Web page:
How Not to Sell Your Wii U Game

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wiiu_blackconsoleAre you currently developing a video game for the Wii U? Have you been thinking about how not to sell your Wii U title? Well, you’re in luck because I’ve decided to compile a list of tips to ensure your Wii U game is a failure.

 

 

Develop an Uninspired HD Collection

First things first, if you want to succeed, you’ll need creative software that is built from the ground up with the Wii U in mind. In your case, ignore that piece of advice and bring a seven year old game to the Wii U, complete with higher resolution textures. In fact, why not throw the sequel in, as well. While you’re at it, make sure this series has never before been released on a Nintendo console. Hopefully, if you follow these tips, you’ll sell less than 2,000 copies.

Don’t Utilize any of the Wii U’s Strengths to Your Advantage

The Wii U is a unique console with a lot of unique strengths. There is a growing social community, exclusive to the Wii U, called the Miiverse. Make sure your game has absolutely no Miiverse features. Also, you see that Wii U GamePad? Don’t think of innovative ways that let gamers interact with your software using the Wii U GamePad. Instead, put a map on the touchscreen, and definitely do not support off-TV play.

Strip Away All Online Features

So, you’re on your way to wasting a bunch of resources including, but not limited to, money and time. But you’re looking for more ways to knock your Wii U game down a peg. Here’s a neat tip: release the same game, complete with enticing online multiplayer and additional DLC, on the Xbox 360 and PS3. Now, create a trailer showcasing said features, but at the end, don’t include the Wii U logo. Like a bee to nectar, numerous blogs and websites will create a deafening buzz regarding the absence of these features in the Wii U version of the same game coming to other consoles. If you’ve done your part, thousands of potential customers will now boycott your product.

This leads me to my final tip…

Proactively Ensure Potential Customers Will Ignore Your Future Efforts on the Wii U

Before the Wii U garners a large install base, you’ll need to take every opportunity possible to piss off Wii U owners. Actively bash the console’s specs and announce your decision to not support the Wii U. Then, after some time has passed – the length of time is up to you – tell potential customers that you’re waiting to see if the Wii U sells a lot of consoles. If the console does manage to become a “viable platform,” start releasing ports of year old titles and a couple of bare-boned sports games for good measure. If that’s not good enough, make sure you implement the previous three tips to ensure customers look the other way. Afterward, to prove your point, complain that Wii U owners didn’t buy your lackluster software and that you will no longer support the console.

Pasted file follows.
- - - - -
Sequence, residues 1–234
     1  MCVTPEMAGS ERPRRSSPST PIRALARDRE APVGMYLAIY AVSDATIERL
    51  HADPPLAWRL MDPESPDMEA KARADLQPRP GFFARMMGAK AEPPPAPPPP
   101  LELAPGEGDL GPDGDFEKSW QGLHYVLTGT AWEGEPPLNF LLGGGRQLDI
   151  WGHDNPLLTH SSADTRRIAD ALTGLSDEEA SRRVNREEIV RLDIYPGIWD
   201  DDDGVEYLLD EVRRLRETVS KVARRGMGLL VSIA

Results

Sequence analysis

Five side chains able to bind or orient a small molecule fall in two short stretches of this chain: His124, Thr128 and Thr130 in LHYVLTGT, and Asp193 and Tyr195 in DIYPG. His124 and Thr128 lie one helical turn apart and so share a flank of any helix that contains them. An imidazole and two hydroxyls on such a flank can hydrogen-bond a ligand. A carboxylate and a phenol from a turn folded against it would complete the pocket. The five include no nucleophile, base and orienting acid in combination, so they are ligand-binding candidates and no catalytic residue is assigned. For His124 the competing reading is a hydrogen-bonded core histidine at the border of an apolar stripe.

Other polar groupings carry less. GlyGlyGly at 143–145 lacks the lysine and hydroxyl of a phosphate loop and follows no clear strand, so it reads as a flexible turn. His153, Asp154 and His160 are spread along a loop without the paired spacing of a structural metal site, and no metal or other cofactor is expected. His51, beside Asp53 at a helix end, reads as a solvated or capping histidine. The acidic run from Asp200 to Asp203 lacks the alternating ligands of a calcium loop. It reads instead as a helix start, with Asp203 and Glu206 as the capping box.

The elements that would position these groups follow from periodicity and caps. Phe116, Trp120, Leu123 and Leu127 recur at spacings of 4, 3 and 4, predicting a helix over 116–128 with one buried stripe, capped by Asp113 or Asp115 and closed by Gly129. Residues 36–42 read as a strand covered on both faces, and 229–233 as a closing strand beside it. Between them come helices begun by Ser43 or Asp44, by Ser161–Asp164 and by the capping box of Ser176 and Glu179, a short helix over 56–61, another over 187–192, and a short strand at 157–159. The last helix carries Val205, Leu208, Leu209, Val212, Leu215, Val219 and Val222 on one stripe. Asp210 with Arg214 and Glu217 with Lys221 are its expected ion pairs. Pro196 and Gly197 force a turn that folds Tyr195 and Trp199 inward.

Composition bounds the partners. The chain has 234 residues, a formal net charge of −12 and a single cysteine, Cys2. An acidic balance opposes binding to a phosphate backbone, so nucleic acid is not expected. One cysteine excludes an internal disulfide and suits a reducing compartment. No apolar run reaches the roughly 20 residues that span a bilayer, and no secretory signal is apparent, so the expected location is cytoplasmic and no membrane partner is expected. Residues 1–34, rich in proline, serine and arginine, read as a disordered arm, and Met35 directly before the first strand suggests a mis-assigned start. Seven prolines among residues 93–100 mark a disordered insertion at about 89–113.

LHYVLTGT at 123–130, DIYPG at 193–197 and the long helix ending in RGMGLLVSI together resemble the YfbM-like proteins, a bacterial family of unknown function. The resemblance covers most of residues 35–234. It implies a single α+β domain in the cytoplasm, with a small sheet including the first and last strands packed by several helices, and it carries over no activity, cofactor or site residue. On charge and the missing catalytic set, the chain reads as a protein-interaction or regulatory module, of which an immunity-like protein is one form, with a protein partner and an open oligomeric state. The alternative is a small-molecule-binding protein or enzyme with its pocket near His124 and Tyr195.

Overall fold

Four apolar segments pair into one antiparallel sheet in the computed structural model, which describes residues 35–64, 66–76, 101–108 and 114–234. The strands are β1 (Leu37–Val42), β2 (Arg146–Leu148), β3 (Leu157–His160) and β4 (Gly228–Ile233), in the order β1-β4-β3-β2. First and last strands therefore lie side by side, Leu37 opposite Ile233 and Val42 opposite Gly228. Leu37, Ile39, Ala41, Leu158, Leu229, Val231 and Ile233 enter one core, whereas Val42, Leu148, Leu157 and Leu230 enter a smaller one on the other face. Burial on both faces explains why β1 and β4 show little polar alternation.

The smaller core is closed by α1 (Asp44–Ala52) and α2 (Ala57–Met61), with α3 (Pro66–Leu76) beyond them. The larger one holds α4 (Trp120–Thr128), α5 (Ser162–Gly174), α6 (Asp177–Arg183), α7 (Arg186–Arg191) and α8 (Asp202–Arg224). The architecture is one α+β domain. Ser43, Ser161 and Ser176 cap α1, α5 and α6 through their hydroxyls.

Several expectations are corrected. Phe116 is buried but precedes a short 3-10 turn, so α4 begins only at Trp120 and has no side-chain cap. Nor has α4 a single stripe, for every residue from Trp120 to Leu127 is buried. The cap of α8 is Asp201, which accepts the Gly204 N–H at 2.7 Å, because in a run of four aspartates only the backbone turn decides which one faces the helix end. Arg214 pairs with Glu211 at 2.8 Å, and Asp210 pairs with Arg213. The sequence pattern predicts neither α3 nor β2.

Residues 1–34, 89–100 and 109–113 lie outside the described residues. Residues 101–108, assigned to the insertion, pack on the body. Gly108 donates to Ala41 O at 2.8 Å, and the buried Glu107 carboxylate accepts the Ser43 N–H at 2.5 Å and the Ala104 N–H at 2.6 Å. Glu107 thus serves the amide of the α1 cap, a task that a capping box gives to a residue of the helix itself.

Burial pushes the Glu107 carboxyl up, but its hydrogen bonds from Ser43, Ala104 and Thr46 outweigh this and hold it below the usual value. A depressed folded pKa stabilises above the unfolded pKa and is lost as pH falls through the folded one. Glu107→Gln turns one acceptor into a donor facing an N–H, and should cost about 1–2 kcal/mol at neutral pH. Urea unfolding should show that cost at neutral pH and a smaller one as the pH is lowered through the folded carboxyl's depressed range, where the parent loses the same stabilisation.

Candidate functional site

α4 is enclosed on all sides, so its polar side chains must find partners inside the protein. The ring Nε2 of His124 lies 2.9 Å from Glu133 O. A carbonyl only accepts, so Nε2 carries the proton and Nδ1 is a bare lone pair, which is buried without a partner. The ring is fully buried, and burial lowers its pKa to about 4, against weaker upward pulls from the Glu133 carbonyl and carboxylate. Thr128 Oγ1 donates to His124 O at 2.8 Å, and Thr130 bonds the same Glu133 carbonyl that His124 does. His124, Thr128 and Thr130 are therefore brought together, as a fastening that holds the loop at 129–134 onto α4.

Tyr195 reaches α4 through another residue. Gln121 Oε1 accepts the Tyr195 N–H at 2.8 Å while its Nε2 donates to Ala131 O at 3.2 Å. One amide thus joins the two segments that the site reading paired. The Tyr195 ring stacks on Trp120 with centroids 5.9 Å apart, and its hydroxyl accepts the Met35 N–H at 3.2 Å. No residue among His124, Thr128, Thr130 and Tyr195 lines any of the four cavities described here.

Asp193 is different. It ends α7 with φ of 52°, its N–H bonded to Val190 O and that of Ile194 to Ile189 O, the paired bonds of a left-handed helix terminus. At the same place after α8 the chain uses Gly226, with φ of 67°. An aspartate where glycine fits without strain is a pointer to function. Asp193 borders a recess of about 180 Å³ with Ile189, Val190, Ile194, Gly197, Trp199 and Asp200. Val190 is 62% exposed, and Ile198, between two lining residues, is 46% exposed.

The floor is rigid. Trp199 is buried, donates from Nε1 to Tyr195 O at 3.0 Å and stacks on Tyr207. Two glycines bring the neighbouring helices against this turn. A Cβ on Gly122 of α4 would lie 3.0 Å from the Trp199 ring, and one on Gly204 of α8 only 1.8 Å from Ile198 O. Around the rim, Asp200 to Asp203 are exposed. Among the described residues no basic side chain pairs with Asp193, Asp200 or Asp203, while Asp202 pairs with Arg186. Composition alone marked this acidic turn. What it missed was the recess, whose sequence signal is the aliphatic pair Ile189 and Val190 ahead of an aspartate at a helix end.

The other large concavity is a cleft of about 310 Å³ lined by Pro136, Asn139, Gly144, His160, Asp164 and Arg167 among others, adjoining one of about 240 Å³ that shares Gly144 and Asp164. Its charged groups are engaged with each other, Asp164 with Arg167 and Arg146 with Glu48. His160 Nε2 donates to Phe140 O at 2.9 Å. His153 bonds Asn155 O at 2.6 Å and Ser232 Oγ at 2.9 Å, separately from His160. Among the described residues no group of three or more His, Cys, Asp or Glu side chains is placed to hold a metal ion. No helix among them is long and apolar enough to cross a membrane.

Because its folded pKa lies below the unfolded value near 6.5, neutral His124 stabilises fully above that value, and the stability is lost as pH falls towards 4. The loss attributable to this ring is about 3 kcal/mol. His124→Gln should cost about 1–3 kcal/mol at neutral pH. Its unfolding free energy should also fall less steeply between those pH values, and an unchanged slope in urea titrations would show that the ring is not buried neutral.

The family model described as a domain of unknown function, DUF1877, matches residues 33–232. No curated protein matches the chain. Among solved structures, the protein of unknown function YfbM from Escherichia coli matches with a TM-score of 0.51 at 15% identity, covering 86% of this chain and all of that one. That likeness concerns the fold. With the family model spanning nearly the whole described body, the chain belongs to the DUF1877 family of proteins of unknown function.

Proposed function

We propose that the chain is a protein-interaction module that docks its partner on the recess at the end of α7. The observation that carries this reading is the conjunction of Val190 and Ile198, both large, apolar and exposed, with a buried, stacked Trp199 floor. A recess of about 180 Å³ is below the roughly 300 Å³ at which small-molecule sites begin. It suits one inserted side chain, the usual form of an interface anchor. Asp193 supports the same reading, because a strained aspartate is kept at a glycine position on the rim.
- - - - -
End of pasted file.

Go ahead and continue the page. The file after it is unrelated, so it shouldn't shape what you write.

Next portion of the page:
I hope these four tips will help you create more uninspired Wii U software, destined to find its way to the bargain bin.

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  • David

    How Not to Sell Your Wii U Game”

    Step 1 – Create a WiiU game.

    That is all you need to do to ensure dismal sales failure.

  • Tony0079

    Very good article, but sadly it applies to Nintendo too, Zelda Wind Waker HD fits right in there. Also New Super Mario Bros U.

    • MF_Parko

      Certainly, Nintendo isn’t getting off with a free pass. However, this article is directed toward EA, Capcom, etc.

      Thank you for the feedback!

  • devwalar

    Before complaining about publishers releasing poor, half-baked games that don’t have much appeal, consider Nintendo who created a poor, half baked console that has little appeal.

    • MF_Parko

      However, the thing is, the Wii U does appeal to me, and so does most of Nintendo’s software. Third parties squandered an opportunity to release compelling software during the long and painful Wii U drought, and that’s on them, not Nintendo.

  • dkanddiddy

    Thanks for the read Parko! I laughed a few times, and the last part made me think of EA.

    • MF_Parko

      Thanks for the kind words! Yeah, that last part was certainly directed at EA!